Back in March, while exploring the Yellowknife Bay area of Mars’ Gale Crater, the Curiosity rover used a drill mounted on its robotic arm to bore a couple of holes into fine-grained sedimentary rock, called mudstone.

A mosaic of images from Curiosity's Mast Camera (Mastcam) shows geological members of the Yellowknife Bay formation, and the sites where Curiosity drilled into Martian mudstone. (NASA/JPL-Caltech/MSSS)

A mosaic of images from Curiosity’s Mast Camera (Mastcam) shows geological members of the Yellowknife Bay formation, and the sites where Curiosity drilled into Martian mudstone. (NASA)

Scientists said that these rocks were deposited in the bed of what they think is an ancient lake that may have flowed on Mars 3.6 million years ago.

Next, the rover scooped up the powdered rock that was produced by drilling into the rocks.The Sample Analysis on Mars instrument (SAM), which is installed aboard the Curiosity, conducted a number of chemical analyses on the powered rock samples, including several geochronology or rock-dating techniques.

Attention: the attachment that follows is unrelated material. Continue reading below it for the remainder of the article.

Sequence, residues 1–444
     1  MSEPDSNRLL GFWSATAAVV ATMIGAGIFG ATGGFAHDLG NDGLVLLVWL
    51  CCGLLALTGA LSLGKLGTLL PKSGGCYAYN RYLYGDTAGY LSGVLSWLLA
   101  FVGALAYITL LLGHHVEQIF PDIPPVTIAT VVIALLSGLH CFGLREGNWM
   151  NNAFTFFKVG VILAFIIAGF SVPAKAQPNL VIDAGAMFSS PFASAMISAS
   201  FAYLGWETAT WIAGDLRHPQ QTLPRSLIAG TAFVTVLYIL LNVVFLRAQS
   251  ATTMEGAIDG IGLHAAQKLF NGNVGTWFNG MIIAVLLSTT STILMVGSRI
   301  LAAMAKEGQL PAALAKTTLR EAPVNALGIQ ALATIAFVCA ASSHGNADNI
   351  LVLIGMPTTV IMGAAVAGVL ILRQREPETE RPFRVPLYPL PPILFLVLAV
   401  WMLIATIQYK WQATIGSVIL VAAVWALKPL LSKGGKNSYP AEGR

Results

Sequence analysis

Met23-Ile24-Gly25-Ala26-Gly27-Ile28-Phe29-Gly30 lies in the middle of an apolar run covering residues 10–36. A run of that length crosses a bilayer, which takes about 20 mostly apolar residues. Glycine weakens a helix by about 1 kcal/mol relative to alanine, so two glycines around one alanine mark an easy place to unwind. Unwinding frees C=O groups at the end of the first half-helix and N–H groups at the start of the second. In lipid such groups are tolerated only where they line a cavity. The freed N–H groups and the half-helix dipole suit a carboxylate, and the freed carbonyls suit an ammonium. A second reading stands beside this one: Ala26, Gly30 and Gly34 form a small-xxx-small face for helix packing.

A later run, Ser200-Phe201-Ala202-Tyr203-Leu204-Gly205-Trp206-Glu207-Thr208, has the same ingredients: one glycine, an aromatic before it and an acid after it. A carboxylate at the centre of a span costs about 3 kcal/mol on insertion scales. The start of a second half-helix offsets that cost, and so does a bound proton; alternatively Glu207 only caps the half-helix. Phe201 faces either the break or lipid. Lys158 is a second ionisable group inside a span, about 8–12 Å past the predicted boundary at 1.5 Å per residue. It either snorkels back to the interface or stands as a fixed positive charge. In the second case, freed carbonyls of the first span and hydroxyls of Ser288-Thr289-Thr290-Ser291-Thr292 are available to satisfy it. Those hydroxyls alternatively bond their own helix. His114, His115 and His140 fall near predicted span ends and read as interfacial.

Farley and his colleagues say there might be a bit of uncertainty regarding their measurements because the sedimentary rocks they studied were created in layers, over millions of years, with materials that had eroded from the local surroundings. The researchers presume the age of the samples they analyzed is actually a combined age of the different particles that the rocks were made of.

The Curiosity rover left the Yellowknife Bay research area and is moving on to new places to drill for rock samples as it makes its way to its eventual destination on Mount Sharp. The new drill sites will provide even more opportunities for scientists to analyze and date Martian rocks.

View into one of the drillholes in Martian mudstone made by Curiosity in the Yellowknife Bay area of Gale Crater. A sample of powdered material from the rock was used to determine the age of the rocks. (NASA/JPL-Caltech/MSSS)

A drill hole in the Martian mudstone made by Curiosity. A sample of powdered material from the rock was used to determine the age of the rocks. (NASA)